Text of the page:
Online ‘guide to life’ for 16-25 year olds. It provides non-judgmental support via moderated discussion boards, real-life stories and a rich database of articles.

0800 838587


A user led organisation that provides a range of services about self-harm including support, information, training and consultancy to people who self-harm, their friends and families and professionals.

Harmless website [opens in a new window]

Share Aware

A parent’s resource to help keep their child safe online. Helpful tools and tips.

NSPCC 0808 800 5000

Netaware website [opens in a new window]

The Cybersmile Foundation

Support for young people bullied online, changing the behaviour of the bullies themselves and through education.

0207 241 6472

Cybersmile website [opens in a new window]


Mindreel is an initiative to create a valuable learning resource using educational films that about mental health.

0141 559 5059

Mindreel website [opens in a new window]

Support & Resources

Most young people who who seek support say that having someone to listen to them and help them to work on solutions to their problems
and stresses is the most helpful thing of all.

Self-harm can be really hard to understand but it’s a lot more common than you think. It is estimated that 14% of Scottish 14-15 year olds have self-harmed, with girls four times more likely to self-harm than boys.

What is self-harm

Self-harm is a sign that something is wrong. Young people who choose to self-harm inflict pain on themselves as a way of coping with inner tension. There are a variety of ways young people self-harm. It can involve:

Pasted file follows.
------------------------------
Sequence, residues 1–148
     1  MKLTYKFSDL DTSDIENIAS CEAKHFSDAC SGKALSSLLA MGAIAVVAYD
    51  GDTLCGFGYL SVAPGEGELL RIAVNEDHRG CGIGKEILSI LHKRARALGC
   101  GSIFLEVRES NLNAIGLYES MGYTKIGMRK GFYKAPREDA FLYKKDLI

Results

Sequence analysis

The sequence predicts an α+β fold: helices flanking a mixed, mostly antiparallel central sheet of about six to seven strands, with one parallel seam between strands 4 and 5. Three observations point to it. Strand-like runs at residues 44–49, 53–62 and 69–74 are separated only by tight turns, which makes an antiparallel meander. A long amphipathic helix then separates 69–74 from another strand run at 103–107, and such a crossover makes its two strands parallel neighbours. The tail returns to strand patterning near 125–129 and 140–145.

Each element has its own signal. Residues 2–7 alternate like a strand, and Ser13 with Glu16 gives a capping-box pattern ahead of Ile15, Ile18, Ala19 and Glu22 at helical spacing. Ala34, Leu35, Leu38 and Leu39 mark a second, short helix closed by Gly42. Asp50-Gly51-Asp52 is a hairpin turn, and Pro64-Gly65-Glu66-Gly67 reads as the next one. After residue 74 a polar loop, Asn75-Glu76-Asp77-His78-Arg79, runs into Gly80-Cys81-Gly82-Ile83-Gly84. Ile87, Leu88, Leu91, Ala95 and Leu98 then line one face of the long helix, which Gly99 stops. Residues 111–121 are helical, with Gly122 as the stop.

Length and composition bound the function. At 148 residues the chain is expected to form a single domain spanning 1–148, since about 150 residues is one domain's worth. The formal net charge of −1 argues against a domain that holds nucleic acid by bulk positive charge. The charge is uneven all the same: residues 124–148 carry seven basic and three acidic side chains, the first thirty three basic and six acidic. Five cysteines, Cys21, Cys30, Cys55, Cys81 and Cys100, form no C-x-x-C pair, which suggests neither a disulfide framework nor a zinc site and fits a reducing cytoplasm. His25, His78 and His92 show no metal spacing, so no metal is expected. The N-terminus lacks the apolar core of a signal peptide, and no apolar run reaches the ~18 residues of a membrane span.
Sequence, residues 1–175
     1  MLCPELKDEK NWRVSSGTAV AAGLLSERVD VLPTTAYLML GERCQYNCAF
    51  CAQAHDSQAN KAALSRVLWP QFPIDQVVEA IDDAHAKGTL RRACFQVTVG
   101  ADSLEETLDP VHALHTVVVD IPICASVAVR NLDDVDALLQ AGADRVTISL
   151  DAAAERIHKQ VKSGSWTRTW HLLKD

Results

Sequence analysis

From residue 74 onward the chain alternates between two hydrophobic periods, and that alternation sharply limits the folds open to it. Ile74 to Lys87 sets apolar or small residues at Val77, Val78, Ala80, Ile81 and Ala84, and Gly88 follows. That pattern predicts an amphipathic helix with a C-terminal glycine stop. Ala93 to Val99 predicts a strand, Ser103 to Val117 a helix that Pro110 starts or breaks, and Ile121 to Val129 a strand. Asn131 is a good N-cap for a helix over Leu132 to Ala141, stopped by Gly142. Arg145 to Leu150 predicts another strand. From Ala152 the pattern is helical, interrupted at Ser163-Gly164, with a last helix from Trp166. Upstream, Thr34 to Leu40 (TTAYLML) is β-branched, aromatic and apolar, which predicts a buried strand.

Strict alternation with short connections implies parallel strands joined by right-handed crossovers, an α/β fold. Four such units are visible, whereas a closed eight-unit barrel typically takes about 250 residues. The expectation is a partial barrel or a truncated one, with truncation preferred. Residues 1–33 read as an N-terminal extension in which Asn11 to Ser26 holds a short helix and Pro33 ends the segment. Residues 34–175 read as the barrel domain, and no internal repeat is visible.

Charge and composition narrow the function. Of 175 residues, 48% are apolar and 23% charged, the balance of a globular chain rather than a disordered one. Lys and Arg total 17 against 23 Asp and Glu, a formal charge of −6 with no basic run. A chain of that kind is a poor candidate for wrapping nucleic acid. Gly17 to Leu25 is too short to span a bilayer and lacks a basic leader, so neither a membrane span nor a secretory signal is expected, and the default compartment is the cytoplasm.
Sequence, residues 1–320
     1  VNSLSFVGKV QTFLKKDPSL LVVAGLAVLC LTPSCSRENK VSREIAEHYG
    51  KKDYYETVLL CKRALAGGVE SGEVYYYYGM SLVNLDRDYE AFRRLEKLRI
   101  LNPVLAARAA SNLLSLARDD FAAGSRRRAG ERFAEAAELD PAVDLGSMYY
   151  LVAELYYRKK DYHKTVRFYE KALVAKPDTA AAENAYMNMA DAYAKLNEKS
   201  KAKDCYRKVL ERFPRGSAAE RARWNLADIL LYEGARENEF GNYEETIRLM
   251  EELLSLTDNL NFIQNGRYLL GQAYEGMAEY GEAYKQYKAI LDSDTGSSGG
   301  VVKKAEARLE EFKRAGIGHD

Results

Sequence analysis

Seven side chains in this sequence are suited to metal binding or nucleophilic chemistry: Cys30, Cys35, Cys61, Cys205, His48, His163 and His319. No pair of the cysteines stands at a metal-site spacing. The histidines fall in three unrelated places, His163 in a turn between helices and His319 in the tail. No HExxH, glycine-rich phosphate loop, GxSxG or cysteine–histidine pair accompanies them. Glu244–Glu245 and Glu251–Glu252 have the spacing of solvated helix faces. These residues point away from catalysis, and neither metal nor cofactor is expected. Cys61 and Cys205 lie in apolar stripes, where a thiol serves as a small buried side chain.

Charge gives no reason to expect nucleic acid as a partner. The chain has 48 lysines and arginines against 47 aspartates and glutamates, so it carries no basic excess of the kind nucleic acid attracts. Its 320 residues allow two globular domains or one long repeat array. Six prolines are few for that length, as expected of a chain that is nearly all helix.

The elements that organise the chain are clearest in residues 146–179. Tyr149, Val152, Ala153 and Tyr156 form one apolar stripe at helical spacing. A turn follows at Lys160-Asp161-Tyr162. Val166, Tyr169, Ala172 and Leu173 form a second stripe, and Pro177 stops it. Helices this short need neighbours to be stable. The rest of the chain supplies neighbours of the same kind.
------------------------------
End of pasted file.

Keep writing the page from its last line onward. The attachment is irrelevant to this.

• Cutting
  • Burning
  • Scalding
  • Banging or scratching one’s own body
  • Pulling out hair
  • Picking skin excessively
  • Self-trolling (Posting negative comments to themselves)
  • Eating disorder
  • Taking an overdose of tablets
  • Taking drugs or excessive amounts of alcohol

Why young people self-harm

There are many reasons why young people self-harm. Self-harm is most commonly used to provide distraction or to escape negative emotions.Young people tell us it is often triggered by difficult life events such as:

  • Anxiety
  • Depression
  • Exam Stress
  • Gender/sexuality issues
  • Bereavement
  • Parental separation
  • Relationship difficulties
  • Bullying
  • Lack of support

Having self-harmed young people talk about a feeling of ‘release’ and gaining some control of the issues that are concerning them.

Worried about a friend or others

There may not be any obvious signs that a young person is self- harming; as young people tend to be very secretive about self-harm. Warning signs may be one or more of the following:

  • Spending more time in the bathroom
  • Unexplained cuts, bruises, burns or other injuries
  • Missing sharp objects, medication or plasters
  • Wearing long sleeves at inappropriate times
  • Previously self-harm
  • Overly-cheerful following a period of low mood
  • Social withdrawal – not joining in with activities or giving up hobbies or interests
  • Noticeable changes in eating or sleeping patterns Alcohol or substance misuse
  • Self-defeating language